Less than two weeks ago, Michigan started allowing people to buy tickets to the 2012 Cowboys Classic, the season-opening game against Alabama in Arlington, Texas. At the time, only people with a large number of "priority points" were able to purchase tickets, but that didn't slow down the sales one bit. By the end of last week the highest two price levels had been sold out, and now all 25,000 of the tickets in Michigan's allotment are gone.
"We have received unprecedented interest in tickets for the Cowboys Classic game with Alabama," said chief marketing officer Hunter Lochmann. "The demand is on par or greater than our athletic department has ever seen."
Michigan made tickets available to people on its season-ticket interest list and to people with one or more priority point on Monday. In around 24 hours, the final tickets were sold. The public was set to get a chance to buy tickets at the end of February, but that won't be happening now that all of the tickets are accounted for.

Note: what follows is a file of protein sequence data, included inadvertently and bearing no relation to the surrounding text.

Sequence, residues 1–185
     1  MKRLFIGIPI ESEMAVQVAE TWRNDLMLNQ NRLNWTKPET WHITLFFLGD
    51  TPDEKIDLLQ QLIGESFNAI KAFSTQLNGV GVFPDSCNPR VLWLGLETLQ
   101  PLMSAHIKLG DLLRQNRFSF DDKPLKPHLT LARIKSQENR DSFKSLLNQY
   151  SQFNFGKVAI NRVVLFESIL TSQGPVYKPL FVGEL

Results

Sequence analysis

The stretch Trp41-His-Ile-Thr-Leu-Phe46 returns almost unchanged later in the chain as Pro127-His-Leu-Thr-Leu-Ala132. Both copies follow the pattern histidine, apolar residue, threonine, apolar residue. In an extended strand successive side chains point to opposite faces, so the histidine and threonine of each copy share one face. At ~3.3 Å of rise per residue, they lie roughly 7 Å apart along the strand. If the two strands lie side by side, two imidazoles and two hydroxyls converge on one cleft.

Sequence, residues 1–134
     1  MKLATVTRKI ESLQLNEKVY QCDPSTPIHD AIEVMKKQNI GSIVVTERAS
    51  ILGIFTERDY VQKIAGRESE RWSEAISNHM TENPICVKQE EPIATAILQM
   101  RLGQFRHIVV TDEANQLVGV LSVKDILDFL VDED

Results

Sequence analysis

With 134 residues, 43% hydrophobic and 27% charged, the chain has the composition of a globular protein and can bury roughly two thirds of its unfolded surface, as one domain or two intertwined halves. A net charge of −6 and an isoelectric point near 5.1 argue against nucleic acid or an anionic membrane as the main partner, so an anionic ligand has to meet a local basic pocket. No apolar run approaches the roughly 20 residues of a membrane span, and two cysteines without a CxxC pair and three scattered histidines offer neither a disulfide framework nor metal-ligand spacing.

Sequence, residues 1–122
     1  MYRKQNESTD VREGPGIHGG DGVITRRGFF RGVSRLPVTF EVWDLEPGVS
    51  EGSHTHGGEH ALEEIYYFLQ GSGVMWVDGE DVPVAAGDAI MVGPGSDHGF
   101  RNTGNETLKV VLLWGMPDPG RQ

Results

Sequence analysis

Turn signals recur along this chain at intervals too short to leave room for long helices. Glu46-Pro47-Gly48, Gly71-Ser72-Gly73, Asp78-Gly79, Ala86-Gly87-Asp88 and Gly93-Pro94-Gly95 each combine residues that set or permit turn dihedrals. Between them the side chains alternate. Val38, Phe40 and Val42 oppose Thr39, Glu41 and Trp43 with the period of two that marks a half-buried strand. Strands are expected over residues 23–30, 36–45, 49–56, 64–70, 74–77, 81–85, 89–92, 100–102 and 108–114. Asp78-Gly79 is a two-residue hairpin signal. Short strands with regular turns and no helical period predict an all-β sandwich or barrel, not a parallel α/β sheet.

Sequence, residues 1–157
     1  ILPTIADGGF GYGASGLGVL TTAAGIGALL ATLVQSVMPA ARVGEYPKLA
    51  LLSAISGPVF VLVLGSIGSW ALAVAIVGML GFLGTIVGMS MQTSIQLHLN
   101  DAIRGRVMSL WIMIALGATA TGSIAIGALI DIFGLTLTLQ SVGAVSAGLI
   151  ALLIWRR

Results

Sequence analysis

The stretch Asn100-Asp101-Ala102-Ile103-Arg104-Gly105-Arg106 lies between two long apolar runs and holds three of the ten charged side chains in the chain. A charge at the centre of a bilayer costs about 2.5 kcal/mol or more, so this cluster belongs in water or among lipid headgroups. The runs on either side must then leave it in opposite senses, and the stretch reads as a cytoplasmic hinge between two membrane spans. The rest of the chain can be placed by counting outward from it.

The sale of tickets for the Cowboys Classic shows just how much interest there is in the season-opening matchup between Michigan and Alabama. Michigan failed to sell out its 17,500-ticket allotment for the Sugar Bowl, which is a BCS game, but already the Cowboys Classic allotment is gone.
I suppose this shouldn't be a huge surprise. After all, in the eyes of many, a game played on Labor Day weekend to open the season against the defending national champions is more appealing than a bowl game on a Tuesday night against the ACC championship game's runner-up. Of course, it also helps that people have known about the trip to Texas since October 2010, whereas they only had a few weeks to plan for the trip to New Orleans.
In any case, demand to see the Michigan-Alabama game is already high, and I would imagine it will only increase as the 2012 season nears.